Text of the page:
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9 PJI 3.1 | Third Circuit (US)
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9 PJI 3.1 | ADA | DIRECT THREAT

In this case, [defendant] claims that it [describe employment action] [plaintiff] because [plaintiff] would have created a significant risk of substantial harm to [plaintiff] [others in the workplace].

Your verdict must be for [defendant] if [defendant] has proved both of the following by a preponderance of the evidence:

First: [Defendant] [specify actions taken with respect to plaintiff] because [plaintiff] posed a direct threat to the health or safety of [plaintiff] [others in the workplace]; and

Second: This direct threat could not be eliminated, or reduced to an acceptable level, by providing a reasonable accommodation, as I have previously defined that term for you.


A direct threat means a significant risk of substantial harm to the health or safety of the person or other persons that cannot be eliminated by reasonable accommodation. The determination that a direct threat exists must have been based on an individualized assessment of [plaintiff’s] ability to safely perform the essential functions of the job. This assessment of [plaintiff’s] ability must have been based on a reasonable medical judgment that relied on the most current medical knowledge, or the best available objective evidence, or both.

In determining whether [plaintiff] would have created a significant risk of substantial harm, you should consider the following factors:

1) How long any risk would have lasted;

2) The nature of the potential harm and how severe the harm would be if it occurred;

3) The likelihood the harm would have occurred; and

4) Whether the potential harm was imminent, that is, whether it was about to happen soon.

COMMENT This instruction is derived from 42 U.S.C. § 12111; id. § 12113; 29 C.F.R. § 1630.15 (2019); U.S. Equal Emp. Opportunity Comm’n, Interpretive Guidance on Title I of the Americans with Disabilities Act, 29 C.F.R. pt. 1630, App. 1630.2; and caselaw as discussed below.

The ADA provides an affirmative defense where accommodation of, hiring or retaining an employee would constitute a “direct threat.” 42 U.S.C. § 12113(b).46 “Direct threat” is defined as “a significant risk to the health or safety of others that cannot be eliminated by reasonable accommodation.” 42 U.S.C. § 12111(3).47 The regulations, which extend the idea of threat to encompass threats to the individual himself or herself as well as to others, see 29 C.F.R. § 1630.15(b)(2) (2019),48 provide:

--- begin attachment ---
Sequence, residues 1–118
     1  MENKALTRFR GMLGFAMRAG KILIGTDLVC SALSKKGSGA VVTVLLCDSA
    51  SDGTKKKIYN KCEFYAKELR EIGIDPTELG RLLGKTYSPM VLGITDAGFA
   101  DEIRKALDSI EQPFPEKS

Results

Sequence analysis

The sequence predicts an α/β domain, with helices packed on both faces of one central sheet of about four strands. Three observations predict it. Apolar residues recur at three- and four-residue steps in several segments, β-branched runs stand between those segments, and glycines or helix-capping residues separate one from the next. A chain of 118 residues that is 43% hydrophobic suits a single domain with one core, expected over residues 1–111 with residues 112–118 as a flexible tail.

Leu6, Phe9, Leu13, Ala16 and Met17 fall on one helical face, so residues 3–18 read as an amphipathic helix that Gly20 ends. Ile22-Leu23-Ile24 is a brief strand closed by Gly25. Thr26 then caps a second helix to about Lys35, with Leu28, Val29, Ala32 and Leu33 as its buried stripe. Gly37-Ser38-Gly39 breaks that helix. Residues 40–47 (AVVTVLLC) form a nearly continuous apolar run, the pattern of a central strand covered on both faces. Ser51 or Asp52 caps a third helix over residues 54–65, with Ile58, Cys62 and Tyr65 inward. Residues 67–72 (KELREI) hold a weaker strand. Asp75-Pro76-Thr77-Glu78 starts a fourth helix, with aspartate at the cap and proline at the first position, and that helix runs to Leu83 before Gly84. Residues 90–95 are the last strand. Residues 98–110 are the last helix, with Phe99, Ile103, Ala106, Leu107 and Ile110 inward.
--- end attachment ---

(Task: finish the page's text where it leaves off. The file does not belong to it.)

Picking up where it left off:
Direct Threat means a significant risk of substantial harm to the health or safety of the individual or others that cannot be eliminated or reduced by reasonable accommodation. The determination that an individual poses a “direct threat” shall be based on an individualized assessment of the individual's present ability to safely perform the essential functions of the job. This assessment shall be based on a reasonable medical judgment that relies on the most current medical knowledge and/or on the best available objective evidence. In determining whether an individual would pose a direct threat, the factors to be considered include:

(1) The duration of the risk;

(2) The nature and severity of the potential harm;

(3) The likelihood that the potential harm will occur; and

(4) The imminence of the potential harm.


29 C.F.R. § 1630.2(r) (2019).

The EEOC’s interpretive guidance provides further detail on the level of risk that constitutes a direct threat: “[T]he employer must determine whether a reasonable accommodation would either eliminate the risk or reduce it to an acceptable level…. An employer... is not permitted to deny an employment opportunity to an individual with a disability merely because of a slightly increased risk. The risk can only be considered when it poses a significant risk, i.e., high probability, of substantial harm; a speculative or remote risk is insufficient.” 29 C.F.R. § Pt. 1630, App. 1630.2(r) (2019).

(Last Updated July 2019)

Footnotes

46 42 U.S.C. § 12113(a) provides: “It may be a defense to a charge of discrimination under this chapter that an alleged application of qualification standards, tests, or selection criteria that screen out or tend to screen out or otherwise deny a job or benefit to an individual with a disability has been shown to be job-related and consistent with business necessity, and such performance cannot be accomplished by reasonable accommodation, as required under this subchapter.” Section 12113(b) specifies that “[t]he term ‘qualification standards’ may include a requirement that an individual shall not pose a direct threat to the health or safety of other individuals in the workplace.” See also Chevron U.S.A. Inc. v. Echazabal, 536 U.S. 73, 78 (2002) (terming the qualification-standards defense, including the direct-threat defense, an “affirmative defense”).
47 See Turner v. Hershey Chocolate U.S., 440 F.3d 604, 615 (3d Cir. 2006) (addressing case in which employer had required its employees to rotate among three production lines due to concerns over repetitive stress injuries, and refusing to “conclude as a matter of law” that plaintiff’s proposal that she not be required to rotate among all three lines “would pose a ‘direct threat’ to [defendant’s] employees”).
48 The Supreme Court has held that Section 1630.15(b)(2)’s extension of the concept of threat to encompass threats to the employee himself or herself does not exceed the scope of permissible rulemaking under the ADA. See Chevron U.S.A. Inc. v. Echazabal, 536 U.S. 73, 87 (2002).

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Sincerely,



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